Cairn Energy's move to sue Air India unlikely to run stake sale aground; soft aviation market can do more harm, writes Ajay Awtaney

Air India has shortlisted two bidders — the Tata Group and SpiceJet promoter Ajay Singh, who is evaluating the purchase of Air India in his personal capacity. Cairn Energy plc, which last weekend sued Air India in the United States District Court for the Southern District of New York to enforce a $1.2 billion plus interest recovery from the Government of India, is expected to be the latest spanner in the works for Air India’s privatisation.

The case refers to Air India as indistinguishable from the state. Hence, Air India’s assets could be potentially attached when on American soil as means to recoup the amount being claimed by Cairn Energy. There are many reasons for Cairn to go after Air India first. It is one of the most visible ambassadors of India abroad, and most importantly, an airline with a visible divestment programme in process.

Sizeable assets in US

Air India operates the largest number of non-stop flights from India to the US and hence, has sizeable assets in the US that include cash through the US operations, immovable assets, a lounge operated by Air India at New York JFK Terminal 4, apart from the planes which land frequently on US soil. The 18 Boeing 777 airframes in Air India’s fleet are all owned by the airline, which opens them to the possibility of attachment when operating flights to the US.

But does this mean that the airline’s privatisation might be derailed? Not really. The privatisation might be delayed on account of a soft aviation market in India due to the pandemic and hence, the expectation of a potential buyer to pay a lower price than what the government wants. This new twist could come handy to negotiate the price further downwards, but not stop a sale outright. Unless more such suits might be coming in other jurisdictions where Air India may have sizeable operations, for a similar outcome, which might erode value quickly.

M&A contracts can build in indemnity for the potential acquirer from the impact of such cases. More so, whosoever the buyer, could potentially identify the liability and agree to put such an amount in an escrow account subject to the resolution of the case rather than paying it to the government upfront.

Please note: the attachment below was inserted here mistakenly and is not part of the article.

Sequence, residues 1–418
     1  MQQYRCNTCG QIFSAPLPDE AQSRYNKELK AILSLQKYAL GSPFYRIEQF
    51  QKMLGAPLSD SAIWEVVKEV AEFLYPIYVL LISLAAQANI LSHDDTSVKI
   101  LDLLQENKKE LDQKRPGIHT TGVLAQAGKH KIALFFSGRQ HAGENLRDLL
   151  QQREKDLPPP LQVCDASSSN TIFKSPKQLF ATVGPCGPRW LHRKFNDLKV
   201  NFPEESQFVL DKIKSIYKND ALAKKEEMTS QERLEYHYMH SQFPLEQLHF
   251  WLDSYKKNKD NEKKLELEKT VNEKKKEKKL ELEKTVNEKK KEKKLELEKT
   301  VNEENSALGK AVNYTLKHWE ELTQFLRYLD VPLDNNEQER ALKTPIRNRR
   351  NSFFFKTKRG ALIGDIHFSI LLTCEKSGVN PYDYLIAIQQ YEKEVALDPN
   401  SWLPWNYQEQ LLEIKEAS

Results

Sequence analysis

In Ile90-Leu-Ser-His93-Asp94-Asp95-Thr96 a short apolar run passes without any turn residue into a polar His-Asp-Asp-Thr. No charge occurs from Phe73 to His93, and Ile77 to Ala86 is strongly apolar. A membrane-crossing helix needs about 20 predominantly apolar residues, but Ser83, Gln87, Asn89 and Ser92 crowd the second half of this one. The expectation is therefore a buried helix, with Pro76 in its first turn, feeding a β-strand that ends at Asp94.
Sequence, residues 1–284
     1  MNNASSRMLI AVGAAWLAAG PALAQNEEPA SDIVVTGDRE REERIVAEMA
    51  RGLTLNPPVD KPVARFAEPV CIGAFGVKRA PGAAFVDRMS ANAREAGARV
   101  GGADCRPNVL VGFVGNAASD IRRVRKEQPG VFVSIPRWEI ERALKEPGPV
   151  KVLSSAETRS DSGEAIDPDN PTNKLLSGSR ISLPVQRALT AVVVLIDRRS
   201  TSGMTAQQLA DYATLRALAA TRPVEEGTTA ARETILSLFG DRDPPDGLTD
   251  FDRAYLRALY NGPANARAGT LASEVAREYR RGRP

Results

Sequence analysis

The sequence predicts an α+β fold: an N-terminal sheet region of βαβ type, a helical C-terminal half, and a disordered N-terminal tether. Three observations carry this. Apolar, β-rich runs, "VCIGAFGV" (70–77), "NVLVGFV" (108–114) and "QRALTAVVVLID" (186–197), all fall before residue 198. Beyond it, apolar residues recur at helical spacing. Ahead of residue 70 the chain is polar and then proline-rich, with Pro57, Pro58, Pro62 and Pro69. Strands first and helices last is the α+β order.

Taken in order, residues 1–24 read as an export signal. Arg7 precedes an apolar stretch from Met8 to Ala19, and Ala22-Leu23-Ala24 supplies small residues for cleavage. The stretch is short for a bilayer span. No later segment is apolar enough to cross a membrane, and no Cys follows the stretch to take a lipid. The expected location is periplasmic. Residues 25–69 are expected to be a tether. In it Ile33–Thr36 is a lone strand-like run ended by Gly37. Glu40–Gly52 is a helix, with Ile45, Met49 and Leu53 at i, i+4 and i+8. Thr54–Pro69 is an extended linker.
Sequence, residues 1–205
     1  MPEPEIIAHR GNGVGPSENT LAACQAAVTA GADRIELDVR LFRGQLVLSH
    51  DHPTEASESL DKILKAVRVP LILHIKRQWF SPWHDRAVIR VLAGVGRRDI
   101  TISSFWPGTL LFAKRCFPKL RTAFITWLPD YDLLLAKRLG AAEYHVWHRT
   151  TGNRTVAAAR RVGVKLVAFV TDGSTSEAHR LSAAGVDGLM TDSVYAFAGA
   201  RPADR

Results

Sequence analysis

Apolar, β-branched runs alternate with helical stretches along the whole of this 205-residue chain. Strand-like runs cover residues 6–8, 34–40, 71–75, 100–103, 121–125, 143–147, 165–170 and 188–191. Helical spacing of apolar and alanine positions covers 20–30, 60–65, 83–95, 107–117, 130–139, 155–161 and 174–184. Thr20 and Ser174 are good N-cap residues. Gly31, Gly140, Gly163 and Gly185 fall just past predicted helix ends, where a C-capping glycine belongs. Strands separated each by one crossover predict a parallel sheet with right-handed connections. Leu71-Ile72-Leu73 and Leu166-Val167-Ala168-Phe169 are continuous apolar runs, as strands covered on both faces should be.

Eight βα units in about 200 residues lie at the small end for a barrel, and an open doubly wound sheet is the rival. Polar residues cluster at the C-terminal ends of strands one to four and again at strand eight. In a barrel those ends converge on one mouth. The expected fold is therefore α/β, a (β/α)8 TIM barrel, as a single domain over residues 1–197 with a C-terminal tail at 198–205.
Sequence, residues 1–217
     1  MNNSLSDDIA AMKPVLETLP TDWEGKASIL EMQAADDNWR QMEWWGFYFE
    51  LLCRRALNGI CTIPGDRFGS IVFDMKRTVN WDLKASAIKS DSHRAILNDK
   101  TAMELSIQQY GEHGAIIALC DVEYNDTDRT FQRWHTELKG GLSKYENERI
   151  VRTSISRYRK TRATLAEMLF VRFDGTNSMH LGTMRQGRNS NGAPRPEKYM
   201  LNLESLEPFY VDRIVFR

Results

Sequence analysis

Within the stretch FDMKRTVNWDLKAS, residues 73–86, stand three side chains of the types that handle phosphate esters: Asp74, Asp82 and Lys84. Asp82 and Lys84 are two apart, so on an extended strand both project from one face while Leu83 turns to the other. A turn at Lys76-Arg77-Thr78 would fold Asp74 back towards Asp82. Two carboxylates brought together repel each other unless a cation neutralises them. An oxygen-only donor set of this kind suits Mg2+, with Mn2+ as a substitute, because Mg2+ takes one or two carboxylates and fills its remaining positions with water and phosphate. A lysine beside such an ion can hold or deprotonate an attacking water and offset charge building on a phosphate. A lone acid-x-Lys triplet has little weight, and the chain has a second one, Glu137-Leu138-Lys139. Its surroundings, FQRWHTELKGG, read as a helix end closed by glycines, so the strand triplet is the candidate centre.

Hearing at The Hague

The government does not expect this suit to harm the sale. For one, they do not expect the proceedings in this case to be enforceable on the grounds that they are contesting the arbitration award granted in the courts in The Hague, although the case is going to be heard only in September 2021. On the other hand, they are expecting the sale process to move quickly, and hence, a change of the airline’s status from a sovereign asset to a private company.

Spooked by this case and other issues at Air India (a due diligence is ongoing at the moment), If interested parties do not submit a bid by the deadline, then that could mean a fresh bidding process all over again. This could also mean enough time for the bidders to build an international network organically, further reducing their interest in Air India.

Legal strategy and well-executed transactions are both akin to a game of chess, where one side anticipates the other side’s next moves and outcome and plays accordingly. In this case, the embarrassment of having no buyers for Air India another time around might just force the Government of India to go for an out-of-court settlement with Cairn, or force Air India to be sold for an even lower price. Heads I win, tails you lose, I say.

The writer writes about Indian Aviation on and tweets @LiveFromALounge

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